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Conference Paper: Increasing difficulty but not decreasing performance: maintained interception with increments in visual blur
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TitleIncreasing difficulty but not decreasing performance: maintained interception with increments in visual blur
 
AuthorsMann, DL
Abernethy, B
Farrow, D
 
Issue Date2009
 
CitationThe ISSP 12th World Congress of Sport Psychology, Marrakesh, Morocco, 17-21 June 2009. [How to Cite?]
 
AbstractINTRODUCTION: In an earlier study on the relationship between visual blur and interceptive skill (Mann, Ho, De Souza, Watson, & Taylor, 2007) it was observed that interceptive performance can be maintained despite the introduction of significant refractive visual blur. Mann et al. found that contact lenses simulating legally-blind levels of short-sightedness were required (6/60 or 20/200 acuity) before any subjectively assessed decrease in skilled performance could be measured when intercepting balls pitched by a projection machine in the sport of cricket. Several of the participants reported a preference for taking part with low levels of visual blur as a means of focusing concentration and visual attention, raising the possibility that rather than decreasing performance, training with blurred vision may provide an opportunity to enhance skill acquisition. The aim of this study was to extend the protocol of Mann et …
 
DescriptionConference Theme: Meeting New Challenges and Bridging Cultural Gaps in Sport and Exercise Psychology
 
DC FieldValue
dc.contributor.authorMann, DL
 
dc.contributor.authorAbernethy, B
 
dc.contributor.authorFarrow, D
 
dc.date.accessioned2010-07-13T04:35:03Z
 
dc.date.available2010-07-13T04:35:03Z
 
dc.date.issued2009
 
dc.description.abstractINTRODUCTION: In an earlier study on the relationship between visual blur and interceptive skill (Mann, Ho, De Souza, Watson, & Taylor, 2007) it was observed that interceptive performance can be maintained despite the introduction of significant refractive visual blur. Mann et al. found that contact lenses simulating legally-blind levels of short-sightedness were required (6/60 or 20/200 acuity) before any subjectively assessed decrease in skilled performance could be measured when intercepting balls pitched by a projection machine in the sport of cricket. Several of the participants reported a preference for taking part with low levels of visual blur as a means of focusing concentration and visual attention, raising the possibility that rather than decreasing performance, training with blurred vision may provide an opportunity to enhance skill acquisition. The aim of this study was to extend the protocol of Mann et …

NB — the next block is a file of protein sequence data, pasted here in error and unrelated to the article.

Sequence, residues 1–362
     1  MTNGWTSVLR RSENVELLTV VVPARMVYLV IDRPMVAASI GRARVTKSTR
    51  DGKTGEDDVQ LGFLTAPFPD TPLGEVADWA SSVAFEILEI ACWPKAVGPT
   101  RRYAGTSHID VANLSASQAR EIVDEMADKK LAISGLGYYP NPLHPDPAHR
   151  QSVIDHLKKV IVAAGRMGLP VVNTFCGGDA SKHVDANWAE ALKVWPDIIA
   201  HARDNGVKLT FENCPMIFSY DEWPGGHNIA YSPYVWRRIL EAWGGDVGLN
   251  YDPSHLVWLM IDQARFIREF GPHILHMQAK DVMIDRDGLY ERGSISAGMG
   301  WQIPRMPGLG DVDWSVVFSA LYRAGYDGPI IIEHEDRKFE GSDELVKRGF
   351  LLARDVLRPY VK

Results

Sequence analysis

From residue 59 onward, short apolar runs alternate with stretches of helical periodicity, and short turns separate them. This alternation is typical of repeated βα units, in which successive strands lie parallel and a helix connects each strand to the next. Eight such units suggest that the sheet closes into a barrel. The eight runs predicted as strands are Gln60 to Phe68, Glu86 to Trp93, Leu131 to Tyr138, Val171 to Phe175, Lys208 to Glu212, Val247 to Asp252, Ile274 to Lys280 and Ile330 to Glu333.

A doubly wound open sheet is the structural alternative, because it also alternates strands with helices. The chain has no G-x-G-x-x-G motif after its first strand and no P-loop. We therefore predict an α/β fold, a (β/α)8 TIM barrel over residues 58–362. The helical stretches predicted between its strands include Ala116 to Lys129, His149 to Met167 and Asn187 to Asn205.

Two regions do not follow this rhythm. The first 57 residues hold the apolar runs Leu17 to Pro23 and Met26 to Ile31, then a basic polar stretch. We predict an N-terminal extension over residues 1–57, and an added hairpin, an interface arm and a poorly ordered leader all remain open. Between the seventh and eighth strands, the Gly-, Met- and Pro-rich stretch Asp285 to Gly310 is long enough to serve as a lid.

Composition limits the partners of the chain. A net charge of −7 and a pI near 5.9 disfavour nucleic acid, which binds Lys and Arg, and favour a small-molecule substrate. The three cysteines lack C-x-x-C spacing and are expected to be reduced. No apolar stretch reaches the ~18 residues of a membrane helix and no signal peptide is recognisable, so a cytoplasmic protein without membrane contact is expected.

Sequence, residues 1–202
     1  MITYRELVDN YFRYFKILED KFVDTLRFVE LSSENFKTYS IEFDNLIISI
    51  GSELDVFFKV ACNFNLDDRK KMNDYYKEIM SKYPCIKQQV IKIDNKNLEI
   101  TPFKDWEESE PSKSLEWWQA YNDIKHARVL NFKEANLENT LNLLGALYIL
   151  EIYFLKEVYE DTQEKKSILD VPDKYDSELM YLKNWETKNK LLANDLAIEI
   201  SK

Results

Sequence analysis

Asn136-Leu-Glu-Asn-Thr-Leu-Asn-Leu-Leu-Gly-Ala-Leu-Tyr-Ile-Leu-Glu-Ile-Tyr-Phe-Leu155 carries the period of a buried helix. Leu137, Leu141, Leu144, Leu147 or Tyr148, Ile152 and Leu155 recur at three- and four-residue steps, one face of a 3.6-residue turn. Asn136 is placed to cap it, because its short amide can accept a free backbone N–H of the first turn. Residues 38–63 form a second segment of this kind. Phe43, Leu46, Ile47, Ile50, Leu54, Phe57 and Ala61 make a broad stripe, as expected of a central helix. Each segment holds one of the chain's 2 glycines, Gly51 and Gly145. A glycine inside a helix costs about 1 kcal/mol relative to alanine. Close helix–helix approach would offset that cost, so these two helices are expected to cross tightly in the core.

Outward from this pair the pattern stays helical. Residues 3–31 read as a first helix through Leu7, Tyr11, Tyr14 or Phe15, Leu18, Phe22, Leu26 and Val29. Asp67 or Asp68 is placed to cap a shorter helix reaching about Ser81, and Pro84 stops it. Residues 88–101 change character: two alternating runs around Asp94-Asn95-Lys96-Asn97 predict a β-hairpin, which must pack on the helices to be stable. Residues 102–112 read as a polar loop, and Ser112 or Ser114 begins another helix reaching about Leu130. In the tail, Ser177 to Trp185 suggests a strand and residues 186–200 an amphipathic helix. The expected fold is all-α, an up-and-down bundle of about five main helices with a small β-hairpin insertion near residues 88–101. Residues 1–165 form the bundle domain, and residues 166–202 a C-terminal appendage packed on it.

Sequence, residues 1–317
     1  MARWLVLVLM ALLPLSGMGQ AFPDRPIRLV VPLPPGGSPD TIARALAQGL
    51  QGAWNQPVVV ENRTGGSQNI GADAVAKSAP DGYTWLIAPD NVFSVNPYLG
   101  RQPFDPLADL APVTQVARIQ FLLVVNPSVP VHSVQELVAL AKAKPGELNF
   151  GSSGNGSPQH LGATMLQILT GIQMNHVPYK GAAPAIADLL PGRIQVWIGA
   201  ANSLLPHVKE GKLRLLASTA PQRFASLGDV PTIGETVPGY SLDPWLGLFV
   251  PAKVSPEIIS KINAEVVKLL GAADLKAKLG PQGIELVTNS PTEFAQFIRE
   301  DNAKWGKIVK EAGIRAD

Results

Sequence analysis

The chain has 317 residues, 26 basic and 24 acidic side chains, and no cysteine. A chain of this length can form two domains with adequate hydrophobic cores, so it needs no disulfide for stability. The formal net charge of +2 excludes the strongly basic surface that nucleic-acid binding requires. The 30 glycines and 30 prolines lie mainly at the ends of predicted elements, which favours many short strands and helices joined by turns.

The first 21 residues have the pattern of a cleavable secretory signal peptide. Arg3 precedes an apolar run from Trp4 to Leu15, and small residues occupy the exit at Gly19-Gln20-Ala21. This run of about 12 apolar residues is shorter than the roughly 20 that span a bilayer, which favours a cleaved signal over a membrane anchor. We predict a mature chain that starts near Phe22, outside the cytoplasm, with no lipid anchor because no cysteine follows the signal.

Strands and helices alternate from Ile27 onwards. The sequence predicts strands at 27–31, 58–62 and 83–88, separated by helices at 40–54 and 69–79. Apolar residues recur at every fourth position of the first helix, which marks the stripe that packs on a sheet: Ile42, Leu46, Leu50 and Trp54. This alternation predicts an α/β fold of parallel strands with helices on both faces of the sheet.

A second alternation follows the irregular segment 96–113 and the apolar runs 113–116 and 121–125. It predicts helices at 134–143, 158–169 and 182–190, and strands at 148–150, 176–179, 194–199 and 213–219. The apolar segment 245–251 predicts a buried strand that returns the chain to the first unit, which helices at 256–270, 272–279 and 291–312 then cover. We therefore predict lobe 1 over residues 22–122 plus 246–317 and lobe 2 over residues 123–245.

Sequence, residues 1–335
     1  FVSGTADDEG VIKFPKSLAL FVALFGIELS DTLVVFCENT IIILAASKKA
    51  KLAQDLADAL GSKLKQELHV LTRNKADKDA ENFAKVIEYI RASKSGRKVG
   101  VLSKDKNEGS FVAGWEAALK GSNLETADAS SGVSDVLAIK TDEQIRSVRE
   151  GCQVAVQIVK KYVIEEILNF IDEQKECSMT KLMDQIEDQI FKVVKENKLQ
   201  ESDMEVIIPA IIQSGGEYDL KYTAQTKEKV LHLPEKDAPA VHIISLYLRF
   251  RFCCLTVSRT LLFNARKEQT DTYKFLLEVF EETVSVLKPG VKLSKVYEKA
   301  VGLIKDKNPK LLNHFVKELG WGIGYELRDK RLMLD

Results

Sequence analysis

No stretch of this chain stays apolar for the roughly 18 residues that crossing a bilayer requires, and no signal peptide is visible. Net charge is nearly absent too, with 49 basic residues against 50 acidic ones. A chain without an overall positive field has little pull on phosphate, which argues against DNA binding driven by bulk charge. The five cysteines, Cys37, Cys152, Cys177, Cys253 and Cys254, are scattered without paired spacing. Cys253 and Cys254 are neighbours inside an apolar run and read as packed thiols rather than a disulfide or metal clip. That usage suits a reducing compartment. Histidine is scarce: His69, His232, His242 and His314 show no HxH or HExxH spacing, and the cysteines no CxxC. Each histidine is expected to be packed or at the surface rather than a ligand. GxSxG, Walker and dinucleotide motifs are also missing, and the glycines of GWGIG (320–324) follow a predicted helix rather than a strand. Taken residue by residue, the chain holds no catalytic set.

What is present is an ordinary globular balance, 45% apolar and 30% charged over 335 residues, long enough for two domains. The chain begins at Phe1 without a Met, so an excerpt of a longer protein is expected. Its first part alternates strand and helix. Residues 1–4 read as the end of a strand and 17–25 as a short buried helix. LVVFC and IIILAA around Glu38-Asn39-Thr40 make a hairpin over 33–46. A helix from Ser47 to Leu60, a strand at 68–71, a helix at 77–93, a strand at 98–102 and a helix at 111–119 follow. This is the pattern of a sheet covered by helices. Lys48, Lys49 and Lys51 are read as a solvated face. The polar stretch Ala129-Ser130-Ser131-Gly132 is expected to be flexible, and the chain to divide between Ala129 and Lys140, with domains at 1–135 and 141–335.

dc.description.naturepostprint
 
dc.descriptionConference Theme: Meeting New Challenges and Bridging Cultural Gaps in Sport and Exercise Psychology
 
dc.identifier.citationThe ISSP 12th World Congress of Sport Psychology, Marrakesh, Morocco, 17-21 June 2009. [How to Cite?]
 
dc.identifier.hkuros166997
 
dc.identifier.urihttp://hdl.handle.net/10722/63900
 
dc.languageeng
 
dc.relation.ispartofProceedings of the 12th World Congress of Sport Psychology
 
dc.rightsCreative Commons: Attribution 3.0 Hong Kong License
 
dc.titleIncreasing difficulty but not decreasing performance: maintained interception with increments in visual blur
 
dc.typeConference_Paper
 
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<description.abstract>INTRODUCTION: In an earlier study on the relationship between visual blur and interceptive skill (Mann, Ho, De Souza, Watson, &amp; Taylor, 2007) it was observed that interceptive performance can be maintained despite the introduction of significant refractive visual blur. Mann et al. found that contact lenses simulating legally-blind levels of short-sightedness were required (6/60 or 20/200 acuity) before any subjectively assessed decrease in skilled performance could be measured when intercepting balls pitched by a projection machine in the sport of cricket. Several of the participants reported a preference for taking part with low levels of visual blur as a means of focusing concentration and visual attention, raising the possibility that rather than decreasing performance, training with blurred vision may provide an opportunity to enhance skill acquisition. The aim of this study was to extend the protocol of Mann et &#8230;</description.abstract>
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